The reaction of narwhals to the loud noise from seismic air guns used in oil exploration involves a disruption of the normal physiological response to intense exercise as the animals try to escape the noise. The overall effect is a large increase in the energetic cost of diving while a paradoxically reduced heart rate alters the circulation of blood and oxygen.
“They’re swimming as hard as they can to get away, and yet their heart rate is not increasing — we think because of a fear response. This affects how much blood and oxygen can circulate, and that’s going to be problematic,” said Terrie Williams, a professor of ecology and evolutionary biology at UC Santa Cruz who led the new study.
Published July 8 in the Journal of Functional Ecology, the study provides the first look at the impact of seismic noise on the physiological responses of a deep-diving cetacean. According to Williams, the combination of extremely low heart rates, increased heart rate variability, and high-intensity exercise during deep dives presents a significant physiological challenge for narwhals, especially if the disruptions are prolonged as would be likely during extended oil exploration activities.
Narwhals live year-round in high Arctic waters where sea ice has helped isolate them from disturbance by humans for millions of years. But declines in polar sea ice are making the region more accessible to shipping, natural resource exploration, and other human activities.
In a previous study, Williams and her coauthors showed that narwhals released after entanglement in nets set by indigenous hunters showed a similar physiological response, with extremely low heart rates during intense exercise in a series of escape dives. The difference between a capture event and noise, Williams said, is the potential duration of the disturbance.
“When they escape from the nets, their heart rate comes back up to a more normal rate within three or four dives, but with the seismic ship moving through and the sound bouncing around, the escape response occurred over a longer period,” she said.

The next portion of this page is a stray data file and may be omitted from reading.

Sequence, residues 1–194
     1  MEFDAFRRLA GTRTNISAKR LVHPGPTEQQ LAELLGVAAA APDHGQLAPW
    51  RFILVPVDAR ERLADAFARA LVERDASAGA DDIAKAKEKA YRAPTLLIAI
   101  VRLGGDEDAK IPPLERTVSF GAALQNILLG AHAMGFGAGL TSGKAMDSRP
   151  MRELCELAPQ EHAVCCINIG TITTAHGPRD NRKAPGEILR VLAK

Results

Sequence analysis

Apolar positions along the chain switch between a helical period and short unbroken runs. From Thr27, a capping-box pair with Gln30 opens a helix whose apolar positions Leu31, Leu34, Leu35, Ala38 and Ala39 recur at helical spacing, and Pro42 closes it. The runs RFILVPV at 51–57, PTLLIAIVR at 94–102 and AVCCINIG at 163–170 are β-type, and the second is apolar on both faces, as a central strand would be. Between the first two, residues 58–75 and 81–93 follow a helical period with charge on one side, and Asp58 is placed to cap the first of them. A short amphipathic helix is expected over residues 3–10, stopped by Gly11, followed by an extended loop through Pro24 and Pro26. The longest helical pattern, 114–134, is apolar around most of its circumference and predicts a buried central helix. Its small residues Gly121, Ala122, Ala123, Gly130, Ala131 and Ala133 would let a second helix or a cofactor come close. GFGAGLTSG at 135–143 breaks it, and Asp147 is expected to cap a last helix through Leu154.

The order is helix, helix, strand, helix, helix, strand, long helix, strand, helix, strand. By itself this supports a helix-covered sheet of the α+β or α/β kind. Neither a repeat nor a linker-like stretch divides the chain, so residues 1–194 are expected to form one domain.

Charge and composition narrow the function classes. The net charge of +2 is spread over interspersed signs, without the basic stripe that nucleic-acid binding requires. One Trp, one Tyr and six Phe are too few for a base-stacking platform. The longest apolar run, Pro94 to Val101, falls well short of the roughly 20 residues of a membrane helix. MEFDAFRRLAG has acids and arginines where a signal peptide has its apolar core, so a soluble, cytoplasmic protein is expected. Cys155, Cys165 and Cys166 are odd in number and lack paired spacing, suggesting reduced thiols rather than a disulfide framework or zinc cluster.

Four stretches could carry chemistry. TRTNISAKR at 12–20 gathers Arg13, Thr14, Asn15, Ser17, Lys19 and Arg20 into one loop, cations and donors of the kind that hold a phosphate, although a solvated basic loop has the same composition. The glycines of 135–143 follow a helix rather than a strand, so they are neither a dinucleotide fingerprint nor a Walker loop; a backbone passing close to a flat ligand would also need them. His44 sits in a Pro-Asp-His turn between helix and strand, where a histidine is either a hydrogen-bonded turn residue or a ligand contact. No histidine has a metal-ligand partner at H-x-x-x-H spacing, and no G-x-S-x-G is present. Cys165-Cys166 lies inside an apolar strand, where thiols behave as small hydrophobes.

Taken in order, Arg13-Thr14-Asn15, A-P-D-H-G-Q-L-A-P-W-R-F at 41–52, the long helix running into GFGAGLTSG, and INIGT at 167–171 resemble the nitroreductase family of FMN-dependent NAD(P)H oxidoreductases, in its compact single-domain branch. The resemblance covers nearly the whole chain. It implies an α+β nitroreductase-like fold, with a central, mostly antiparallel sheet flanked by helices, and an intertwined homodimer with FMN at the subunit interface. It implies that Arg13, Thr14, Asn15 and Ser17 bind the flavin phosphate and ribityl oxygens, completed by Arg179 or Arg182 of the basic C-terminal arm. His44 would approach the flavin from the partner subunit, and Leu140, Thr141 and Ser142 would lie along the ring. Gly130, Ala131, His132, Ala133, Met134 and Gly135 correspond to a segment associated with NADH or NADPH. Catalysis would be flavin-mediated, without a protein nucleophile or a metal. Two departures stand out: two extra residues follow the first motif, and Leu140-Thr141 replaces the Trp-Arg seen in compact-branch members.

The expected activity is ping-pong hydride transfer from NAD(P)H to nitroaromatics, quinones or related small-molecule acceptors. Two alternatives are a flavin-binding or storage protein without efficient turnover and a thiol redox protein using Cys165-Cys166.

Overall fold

The researchers recorded not only extremely low heart rates during noise exposure, but also increased variability, with heart rates switching rapidly between extremely low rates associated with fear and fast rates associated with intense exercise. Reduced heart rate, or bradycardia, is a normal part of the mammalian dive response, but during normal dives the heart rate still increases with exercise. In addition, narwhals and other deep-diving marine mammals usually save energy by gliding rather than actively swimming as they descend to depth.
During noise exposure, the narwhals performed 80% less gliding during diving descents, their swimming strokes exceeded 40 strokes per minute, their heart rates dropped below 10 beats per minute, and their breathing at the surface was 1.5 times faster. Overall, this unusual reaction is very costly in terms of energy consumption, Williams said.
“Not only is the reaction costly in terms of the energy needed for diving, the escape time will also take away from time spent foraging for food and other normal behaviors,” she said.
The studies were conducted in Scoresby Sound on the east coast of Greenland, where coauthor Mads Peter Heide-Jørgensen, a research professor at the Greenland Institute of Natural Resources, has been studying the East Greenland narwhal population for more than a decade.
Williams’s group at UC Santa Cruz developed instruments that enable researchers to monitor the exercise physiology of marine mammals during dives. The instruments were attached to narwhals with suction cups and fell off after one to three days, floating to the surface where they could be recovered by the scientists.
Over the past two decades, noise from human activities such as military sonar has been linked to mass strandings of deep-diving cetaceans, mostly beaked whales. These deep-diving species are extremely difficult to study, and it was only through a partnership with indigenous hunters that Williams and Heide-Jørgensen’s teams were able to attach monitoring devices to narwhals.
“Most of the potential impacts on the animals take place underwater, so it’s really difficult to study,” Williams said. “We are fortunate to have this technology to show what’s happening at depth where these animals live in order to understand how their biology may be disrupted.”
In addition to Williams and Heide-Jørgensen, the coauthors of the paper include Susan Blackwell at Greeneridge Sciences, Outi Tervo and Eva Garde at the Greenland Institute of Natural Resources, Mikkel-Holger Sinding at University of Copenhagen, and Beau Richter at UC Santa Cruz. This work was supported by the U.S. Office of Naval Research, Greenland Institute of Natural Resources, the Environmental Agency for Mineral Resource Activities of the Government of Greenland, the Danish Ministry of Environment, and the Carlsberg Foundation.